"To some people it might look like all we're doing is putting out some half-baked speakers to talk about piddling topics," Rose went on, "but the overall aim of this venture is the highest work of man, and consequently, it attracts the most insidious forms of adversity. No matter how clever you think you are you've got to constantly be on guard against your own vanity. Otherwise, the fox gets caught."

Augie looked hurt and confused as Rose continued.

"That goes from the top on down. Nobody is immune. In order to keep this group from becoming a personality cult, I try to have no personality. Maybe I try too hard," he chuckled.

The telephone rang, and Rose got up to answer it. He listened, voiced a few words of concern, wrote down some directions, then hung up.

"The stake-body truck broke down with a load of lumber from the saw mill." His words were like a call to arms. Everyone left the room and moved outside, where Rose gave orders about tools, a tow bar, and who would drive which vehicle to where.

Augie and I stood in the yard watching everyone scurry about us, the "highest work of man" completely forgotten.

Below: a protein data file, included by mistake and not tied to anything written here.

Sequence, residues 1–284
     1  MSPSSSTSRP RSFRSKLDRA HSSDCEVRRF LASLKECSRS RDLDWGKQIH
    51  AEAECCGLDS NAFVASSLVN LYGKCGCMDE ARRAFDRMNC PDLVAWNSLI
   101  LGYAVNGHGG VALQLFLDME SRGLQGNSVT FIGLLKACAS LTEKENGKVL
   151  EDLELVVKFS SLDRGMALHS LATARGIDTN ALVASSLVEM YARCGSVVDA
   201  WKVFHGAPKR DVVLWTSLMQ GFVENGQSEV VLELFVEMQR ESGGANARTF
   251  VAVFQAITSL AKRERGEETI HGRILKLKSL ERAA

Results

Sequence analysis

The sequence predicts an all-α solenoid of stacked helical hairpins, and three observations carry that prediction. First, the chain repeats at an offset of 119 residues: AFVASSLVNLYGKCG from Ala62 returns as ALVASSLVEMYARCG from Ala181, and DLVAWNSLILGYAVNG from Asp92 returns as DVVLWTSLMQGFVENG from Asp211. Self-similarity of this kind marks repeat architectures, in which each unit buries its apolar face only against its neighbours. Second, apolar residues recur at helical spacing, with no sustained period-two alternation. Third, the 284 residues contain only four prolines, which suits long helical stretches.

"Looks like we came a long way for nothing," Augie muttered. I disagreed but said nothing. Not yet in the line of Rose's fire, I still had the luxury of believing that we must have gotten what we came for.

We started over to the van. Rose, carrying a length of thick rope, joined us.

"Damn junkers. We just put a new transmission in that truck and already it's shot. Itíll probably take the rest of the day to haul it back here." Then, as if remembering something, Rose stopped and leaned against Augie's van, his face transformed by a look of calm serenity and understanding.

"Maybe you think I'm being unreasonable," he said softly, "expecting you to fill the programs with saints and virgins. Believe me, I know what's out there. I've spent the last thirty years looking for one person who would pick up this work and really go with it. One person who would say, 'Yes, this is it, this is what I want more than anything else. What do I have to do to find out who I really am?'"